In March, the county supervisors approved a "San Carlos Aircraft Disturbance Study" to look at possible short- and long-term solutions.
The county has hired an aviation consultant, an aviation noise consultant and a polling firm to help with the research.
Adam Ullman, a North Fair Oaks resident speaking on behalf of the Calm The Skies citizens' group, said that residents have a number of concerns about the new route as a solution to the problems caused by Surf Air, including the fact that flying it is voluntary and that it can be flown only under certain conditions.
"The county needs to address the long-term planning of the airport and put in place reasonable measures to limit the impact of planes flying 1,000 feet over our homes and schools," he said. "This does not accomplish that."
Ullman said the new route also "doesn't address the bigger issue of commercial service into" the San Carlos Airport "and what constitutes (as) acceptable volume levels of service from any single operator."
"Without a permanent fix," he said, another such airline could come in "and we start from square one again."
Horsley said the county is "conscious of the fact that (the new route) may impact other communities." He said the mayors of other cities Surf Air could begin flying over will be notified of the test.
"We don't really think it's fair to transfer the noise from one neighborhood to another," he said.
Changing Surf Air's approach route also does not eliminate all the problems at the airport, he said. The county is monitoring the noise from airport take-offs, which fly over different nearby neighborhoods as well. "That is a little tougher to control," he said.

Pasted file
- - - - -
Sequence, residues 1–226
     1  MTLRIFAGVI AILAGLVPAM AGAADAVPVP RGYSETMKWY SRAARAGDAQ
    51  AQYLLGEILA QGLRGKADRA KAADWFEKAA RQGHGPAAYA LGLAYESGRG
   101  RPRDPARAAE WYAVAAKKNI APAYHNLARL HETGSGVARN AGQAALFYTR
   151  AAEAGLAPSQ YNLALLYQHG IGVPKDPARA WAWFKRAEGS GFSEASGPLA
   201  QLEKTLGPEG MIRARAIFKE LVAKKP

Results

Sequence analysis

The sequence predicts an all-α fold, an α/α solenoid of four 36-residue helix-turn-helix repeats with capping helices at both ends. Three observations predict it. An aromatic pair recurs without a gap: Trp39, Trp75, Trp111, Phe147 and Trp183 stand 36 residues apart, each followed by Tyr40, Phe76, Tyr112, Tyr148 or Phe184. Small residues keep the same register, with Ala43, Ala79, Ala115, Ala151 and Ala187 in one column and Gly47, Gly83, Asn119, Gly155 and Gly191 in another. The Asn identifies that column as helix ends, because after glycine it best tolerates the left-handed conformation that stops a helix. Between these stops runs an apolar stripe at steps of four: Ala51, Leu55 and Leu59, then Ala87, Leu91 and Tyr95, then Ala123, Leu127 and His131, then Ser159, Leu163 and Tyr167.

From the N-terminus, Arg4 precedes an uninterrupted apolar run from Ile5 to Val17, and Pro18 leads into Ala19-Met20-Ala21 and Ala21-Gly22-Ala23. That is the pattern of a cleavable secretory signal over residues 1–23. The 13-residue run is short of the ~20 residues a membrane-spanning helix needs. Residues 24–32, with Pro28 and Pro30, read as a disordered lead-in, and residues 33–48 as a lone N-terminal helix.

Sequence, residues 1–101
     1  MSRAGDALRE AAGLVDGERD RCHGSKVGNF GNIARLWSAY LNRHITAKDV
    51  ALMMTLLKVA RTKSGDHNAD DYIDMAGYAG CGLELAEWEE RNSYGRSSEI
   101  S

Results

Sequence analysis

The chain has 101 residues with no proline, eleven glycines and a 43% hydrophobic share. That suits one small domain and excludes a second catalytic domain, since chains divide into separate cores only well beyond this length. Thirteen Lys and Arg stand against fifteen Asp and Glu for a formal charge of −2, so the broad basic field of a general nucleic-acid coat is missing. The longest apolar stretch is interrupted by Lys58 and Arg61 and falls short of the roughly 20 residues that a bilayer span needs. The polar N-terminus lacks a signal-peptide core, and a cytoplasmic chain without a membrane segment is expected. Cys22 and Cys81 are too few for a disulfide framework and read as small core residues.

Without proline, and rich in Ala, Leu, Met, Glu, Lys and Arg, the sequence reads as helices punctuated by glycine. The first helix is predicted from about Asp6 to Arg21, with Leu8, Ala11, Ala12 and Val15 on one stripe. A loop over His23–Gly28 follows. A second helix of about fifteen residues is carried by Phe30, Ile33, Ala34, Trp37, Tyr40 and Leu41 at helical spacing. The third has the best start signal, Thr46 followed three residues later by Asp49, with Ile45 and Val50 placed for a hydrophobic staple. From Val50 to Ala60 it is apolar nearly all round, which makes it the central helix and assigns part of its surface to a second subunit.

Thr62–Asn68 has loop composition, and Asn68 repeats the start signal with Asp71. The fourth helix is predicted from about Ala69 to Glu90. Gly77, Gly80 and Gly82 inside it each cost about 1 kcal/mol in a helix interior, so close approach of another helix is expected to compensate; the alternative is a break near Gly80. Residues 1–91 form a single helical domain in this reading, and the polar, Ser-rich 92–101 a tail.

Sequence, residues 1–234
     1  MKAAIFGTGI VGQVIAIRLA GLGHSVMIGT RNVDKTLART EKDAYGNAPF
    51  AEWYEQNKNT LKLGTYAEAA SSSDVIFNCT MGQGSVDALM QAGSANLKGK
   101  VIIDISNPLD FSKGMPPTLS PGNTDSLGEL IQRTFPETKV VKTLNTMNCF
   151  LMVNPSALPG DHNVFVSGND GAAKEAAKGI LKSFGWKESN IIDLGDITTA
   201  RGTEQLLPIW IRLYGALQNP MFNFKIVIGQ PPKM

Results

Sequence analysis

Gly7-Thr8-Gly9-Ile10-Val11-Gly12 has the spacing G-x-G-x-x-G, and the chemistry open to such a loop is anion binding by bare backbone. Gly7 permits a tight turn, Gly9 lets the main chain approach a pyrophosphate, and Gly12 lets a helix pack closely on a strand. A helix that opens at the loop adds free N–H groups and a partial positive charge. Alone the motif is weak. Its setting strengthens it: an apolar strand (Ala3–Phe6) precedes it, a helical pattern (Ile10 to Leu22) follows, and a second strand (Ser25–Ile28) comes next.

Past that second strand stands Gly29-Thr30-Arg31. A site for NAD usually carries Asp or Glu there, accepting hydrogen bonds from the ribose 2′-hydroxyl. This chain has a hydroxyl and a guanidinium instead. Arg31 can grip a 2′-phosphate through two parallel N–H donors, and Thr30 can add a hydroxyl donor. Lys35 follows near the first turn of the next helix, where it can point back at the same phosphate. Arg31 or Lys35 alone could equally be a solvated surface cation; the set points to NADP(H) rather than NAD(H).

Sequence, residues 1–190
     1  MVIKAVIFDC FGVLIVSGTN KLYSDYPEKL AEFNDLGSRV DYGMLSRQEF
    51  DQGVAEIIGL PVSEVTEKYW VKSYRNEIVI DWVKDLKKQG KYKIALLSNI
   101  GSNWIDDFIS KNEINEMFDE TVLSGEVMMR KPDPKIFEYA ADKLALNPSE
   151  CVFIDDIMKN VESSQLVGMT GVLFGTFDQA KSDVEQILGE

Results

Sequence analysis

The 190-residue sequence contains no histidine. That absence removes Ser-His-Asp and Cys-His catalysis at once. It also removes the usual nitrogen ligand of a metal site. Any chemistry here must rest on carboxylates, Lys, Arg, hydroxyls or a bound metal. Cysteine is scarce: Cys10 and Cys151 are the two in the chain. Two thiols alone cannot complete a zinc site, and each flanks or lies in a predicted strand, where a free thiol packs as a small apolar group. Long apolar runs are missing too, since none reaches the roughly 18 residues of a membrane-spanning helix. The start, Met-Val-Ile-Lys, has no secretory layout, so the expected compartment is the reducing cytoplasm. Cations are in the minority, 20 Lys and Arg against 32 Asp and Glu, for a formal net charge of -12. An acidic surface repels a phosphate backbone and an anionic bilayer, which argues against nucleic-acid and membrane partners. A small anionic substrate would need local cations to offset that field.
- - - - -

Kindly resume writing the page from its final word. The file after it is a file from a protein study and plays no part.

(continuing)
Horsley said the county is also looking at doing things such as building "additional airport hangars" for small private planes that would leave less tie-down space for planes like the size of the ones Surf Air uses.
"We have a big need for hangar space," he said, adding that there is a waitlist for hangars.
"We are looking at all of the policies and procedures at the airport as well," he said. "We want to make sure we do not end up with another commercial airline at the airport."
Horsley apologized for the amount of time finding a solution has taken.
"I wish it were faster," he said. "I know our constituents have suffered from this a long time."
Atherton's Mayor Elizabeth Lewis said that getting to the new route has taken a lot of work by a lot of people: the resident group, the supervisors, Rep. Anna Eshoo, staff at San Carlos Airport, Surf Air and the FAA.
"To get to this point is huge," she said. "Hopefully during the six-month trial we will experience a significant reduction in overflight noise."
Lewis said she hopes that the supervisors will also look closely at how to best manage the numbers of regularly scheduled flights in and out of the airport and the times of flights.
"I believe that it is not suitable for use as a busy commercial airport," she said.